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Watch: How to pair Grafana Faro and Grafana k6 for frontend observability

Watch: How to pair Grafana Faro and Grafana k6 for frontend observability

10 Feb, 2023 6 min

Grafana Faro and xk6-browser are both new tools within the Grafana Labs open source ecosystem, but the pairing is already showing a lot of potential in terms of frontend monitoring and performance testing.

Faro, which was announced last November, includes a highly configurable SDK that instruments web apps to capture observability signals that can then be correlated with backend and infrastructure data. The xk6-browser, which was released in November 2021, uses browser-level APIs to collect frontend performance metrics for Grafana k6 tests. Collectively, these tools provide a way to get insights into the overall health of your frontend application.

Every Friday, we stream k6 Office Hours, where we talk about k6 or anything that integrates with it. For the first episode of 2023, my fellow k6 Developer Advocate Paul Balogh and I sat down with our colleague Stefan Dunkler, a solutions engineer here at Grafana Labs, to talk about frontend observability with Grafana Faro and xk6-browser.

The episode showcased the integration between Grafana and k6 through:

  1. xk6-browser, our k6 extension that lets you do browser automation to script a browser user session
  2. Faro, to collect data about the health of your frontend applications

Watch the video below to learn more about this topic. Or continue reading to get a recap of some of the interesting topics we discussed. 

What is browser instrumentation?

Instrumentation refers to the gathering of data needed to observe and monitor your systems. Browser instrumentation involves collecting metrics, logs, and traces from everything that runs in the browser. Since your users interact with different browser types and versions, they also produce specific metrics, error logs, or traces that can only be detected if you instrument your browser.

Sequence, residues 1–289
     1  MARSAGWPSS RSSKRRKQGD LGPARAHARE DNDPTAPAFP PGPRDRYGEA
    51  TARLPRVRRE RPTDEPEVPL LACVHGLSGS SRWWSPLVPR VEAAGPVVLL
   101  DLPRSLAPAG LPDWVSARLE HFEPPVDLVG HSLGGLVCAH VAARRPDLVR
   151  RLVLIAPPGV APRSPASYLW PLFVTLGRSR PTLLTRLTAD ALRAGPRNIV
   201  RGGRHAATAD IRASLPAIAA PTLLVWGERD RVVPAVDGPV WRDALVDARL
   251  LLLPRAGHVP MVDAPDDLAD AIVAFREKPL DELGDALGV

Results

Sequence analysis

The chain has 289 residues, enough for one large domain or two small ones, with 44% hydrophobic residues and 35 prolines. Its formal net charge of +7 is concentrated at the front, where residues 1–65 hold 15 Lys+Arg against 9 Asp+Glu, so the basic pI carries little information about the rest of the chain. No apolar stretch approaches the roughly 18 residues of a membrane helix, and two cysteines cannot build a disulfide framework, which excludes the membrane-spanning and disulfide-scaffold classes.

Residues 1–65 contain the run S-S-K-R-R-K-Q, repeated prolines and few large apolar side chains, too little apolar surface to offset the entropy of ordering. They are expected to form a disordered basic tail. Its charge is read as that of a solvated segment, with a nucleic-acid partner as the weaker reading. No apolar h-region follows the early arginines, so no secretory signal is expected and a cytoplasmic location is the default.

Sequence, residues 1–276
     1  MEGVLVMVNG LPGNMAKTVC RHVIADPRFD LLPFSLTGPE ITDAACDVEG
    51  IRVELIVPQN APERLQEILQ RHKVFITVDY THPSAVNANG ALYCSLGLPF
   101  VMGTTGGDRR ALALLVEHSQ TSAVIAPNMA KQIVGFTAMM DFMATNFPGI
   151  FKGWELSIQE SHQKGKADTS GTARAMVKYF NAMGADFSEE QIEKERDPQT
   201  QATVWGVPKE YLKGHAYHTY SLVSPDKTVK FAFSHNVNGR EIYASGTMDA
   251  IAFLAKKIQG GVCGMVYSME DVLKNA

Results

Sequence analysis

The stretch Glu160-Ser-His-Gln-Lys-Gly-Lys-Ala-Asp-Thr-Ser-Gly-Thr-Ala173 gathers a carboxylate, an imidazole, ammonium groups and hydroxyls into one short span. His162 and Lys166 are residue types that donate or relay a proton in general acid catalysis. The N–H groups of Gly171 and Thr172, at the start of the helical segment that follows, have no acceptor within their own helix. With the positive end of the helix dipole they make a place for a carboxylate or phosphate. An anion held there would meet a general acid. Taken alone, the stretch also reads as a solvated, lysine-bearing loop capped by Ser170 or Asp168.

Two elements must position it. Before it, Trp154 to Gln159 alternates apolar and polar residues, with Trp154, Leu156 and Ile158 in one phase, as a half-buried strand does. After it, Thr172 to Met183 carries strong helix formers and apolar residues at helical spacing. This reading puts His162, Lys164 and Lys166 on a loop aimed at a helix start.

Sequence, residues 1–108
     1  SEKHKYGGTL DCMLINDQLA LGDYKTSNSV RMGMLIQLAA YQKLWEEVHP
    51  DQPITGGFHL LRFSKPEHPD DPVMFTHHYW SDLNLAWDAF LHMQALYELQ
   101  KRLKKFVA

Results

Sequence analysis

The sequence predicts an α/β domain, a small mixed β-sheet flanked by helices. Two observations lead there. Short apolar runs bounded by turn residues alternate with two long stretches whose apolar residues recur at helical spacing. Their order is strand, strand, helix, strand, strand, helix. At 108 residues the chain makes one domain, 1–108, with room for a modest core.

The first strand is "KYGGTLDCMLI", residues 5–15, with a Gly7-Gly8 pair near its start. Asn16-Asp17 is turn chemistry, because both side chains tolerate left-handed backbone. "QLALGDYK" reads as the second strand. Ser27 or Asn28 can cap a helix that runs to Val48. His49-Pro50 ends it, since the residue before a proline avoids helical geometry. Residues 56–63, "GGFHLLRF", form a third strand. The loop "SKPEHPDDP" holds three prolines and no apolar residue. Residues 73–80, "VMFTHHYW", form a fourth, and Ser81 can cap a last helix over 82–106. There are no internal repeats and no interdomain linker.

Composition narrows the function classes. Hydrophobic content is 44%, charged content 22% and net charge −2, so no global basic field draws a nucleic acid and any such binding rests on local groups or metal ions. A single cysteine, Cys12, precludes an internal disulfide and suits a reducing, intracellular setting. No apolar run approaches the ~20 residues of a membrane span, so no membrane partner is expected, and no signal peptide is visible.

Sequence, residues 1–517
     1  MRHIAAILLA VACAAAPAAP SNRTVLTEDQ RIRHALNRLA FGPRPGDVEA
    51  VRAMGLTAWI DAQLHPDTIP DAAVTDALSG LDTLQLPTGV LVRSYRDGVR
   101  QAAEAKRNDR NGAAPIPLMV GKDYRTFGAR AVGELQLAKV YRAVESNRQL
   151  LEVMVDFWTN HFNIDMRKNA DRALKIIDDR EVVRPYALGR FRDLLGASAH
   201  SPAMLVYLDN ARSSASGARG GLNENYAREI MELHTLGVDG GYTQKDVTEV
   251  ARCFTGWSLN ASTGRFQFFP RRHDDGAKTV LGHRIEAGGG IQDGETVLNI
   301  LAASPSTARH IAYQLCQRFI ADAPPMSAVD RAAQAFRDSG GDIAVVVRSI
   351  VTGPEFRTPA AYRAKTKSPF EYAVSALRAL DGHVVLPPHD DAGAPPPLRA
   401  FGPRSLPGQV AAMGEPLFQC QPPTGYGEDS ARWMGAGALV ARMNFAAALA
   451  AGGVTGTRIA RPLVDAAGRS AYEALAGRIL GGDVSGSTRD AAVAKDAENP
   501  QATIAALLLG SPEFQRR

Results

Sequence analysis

Regarding observability and monitoring, the backend is only one part of this equation; browser observability and instrumentation are just as important.

How can Grafana Faro help?

Browser instrumentation is critical because some user requests don’t hit the backend, which is where you typically start monitoring. If there is an error in the browser code, then the user leaves your application, and you wouldn’t even notice because all of your typical dashboards will be green.

Before Faro, there was no way to do browser instrumentation with Grafana. Faro solves part of the instrumentation issue by introducing user monitoring from a browser perspective. It helps you understand the following:

  • What does a single user do?
  • How does this affect the performance of my application?
  • How is the overall user experience?
An architectural diagram shows how the Faro Web SDK sends logs, exceptions, measurements, events and traces via HTTP to the Grafana Agent.

The Grafana Faro SDK collects the necessary browser data, which is submitted to a collector. This collector saves the logs to Grafana Loki and traces to Grafana Tempo, which can then be visualized through a Grafana dashboard.

To learn more about Faro, check out this introductory blog on the open source project.

What type of metrics does Grafana Faro collect?

From a backend perspective, the four golden signals are typically the key metrics to look out for. But those metrics are different from a frontend perspective, because we must also consider the user experience. To address this, the Faro team has integrated web vitals, which are the frontend metrics standards.

In the video, Stefan briefly discussed the different between the various web vitals, such as Largest Contentful Paint (LCP), which measures how long it took to render the largest piece of element in your page, and First Input Delay (FID), which measures how interactive your page is.

First impressions of using xk6-browser